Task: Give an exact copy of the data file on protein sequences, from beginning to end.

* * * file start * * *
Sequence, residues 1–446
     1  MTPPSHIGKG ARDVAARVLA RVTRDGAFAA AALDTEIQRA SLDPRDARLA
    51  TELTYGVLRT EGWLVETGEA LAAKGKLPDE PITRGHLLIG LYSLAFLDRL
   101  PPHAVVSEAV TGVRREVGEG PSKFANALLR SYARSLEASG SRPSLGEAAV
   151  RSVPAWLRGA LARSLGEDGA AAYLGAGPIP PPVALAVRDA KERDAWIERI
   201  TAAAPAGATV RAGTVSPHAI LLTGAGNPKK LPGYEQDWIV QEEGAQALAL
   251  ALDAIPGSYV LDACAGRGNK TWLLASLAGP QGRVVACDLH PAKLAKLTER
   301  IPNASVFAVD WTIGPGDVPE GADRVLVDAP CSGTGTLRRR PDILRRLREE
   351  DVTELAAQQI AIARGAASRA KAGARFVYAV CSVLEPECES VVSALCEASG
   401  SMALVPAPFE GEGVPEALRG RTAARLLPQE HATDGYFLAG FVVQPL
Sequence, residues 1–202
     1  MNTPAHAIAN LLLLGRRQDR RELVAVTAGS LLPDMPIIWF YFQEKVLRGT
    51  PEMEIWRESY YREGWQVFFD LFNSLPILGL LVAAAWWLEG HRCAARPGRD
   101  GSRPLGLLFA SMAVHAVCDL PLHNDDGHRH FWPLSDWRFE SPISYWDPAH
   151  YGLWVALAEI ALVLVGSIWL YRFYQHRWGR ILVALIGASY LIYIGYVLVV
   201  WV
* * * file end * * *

Sequence, residues 1–446
     1  MTPPSHIGKG ARDVAARVLA RVTRDGAFAA AALDTEIQRA SLDPRDARLA
    51  TELTYGVLRT EGWLVETGEA LAAKGKLPDE PITRGHLLIG LYSLAFLDRL
   101  PPHAVVSEAV TGVRREVGEG PSKFANALLR SYARSLEASG SRPSLGEAAV
   151  RSVPAWLRGA LARSLGEDGA AAYLGAGPIP PPVALAVRDA KERDAWIERI
   201  TAAAPAGATV RAGTVSPHAI LLTGAGNPKK LPGYEQDWIV QEEGAQALAL
   251  ALDAIPGSYV LDACAGRGNK TWLLASLAGP QGRVVACDLH PAKLAKLTER
   301  IPNASVFAVD WTIGPGDVPE GADRVLVDAP CSGTGTLRRR PDILRRLREE
   351  DVTELAAQQI AIARGAASRA KAGARFVYAV CSVLEPECES VVSALCEASG
   401  SMALVPAPFE GEGVPEALRG RTAARLLPQE HATDGYFLAG FVVQPL
Sequence, residues 1–202
     1  MNTPAHAIAN LLLLGRRQDR RELVAVTAGS LLPDMPIIWF YFQEKVLRGT
    51  PEMEIWRESY YREGWQVFFD LFNSLPILGL LVAAAWWLEG HRCAARPGRD
   101  GSRPLGLLFA SMAVHAVCDL PLHNDDGHRH FWPLSDWRFE SPISYWDPAH
   151  YGLWVALAEI ALVLVGSIWL YRFYQHRWGR ILVALIGASY LIYIGYVLVV
   201  WV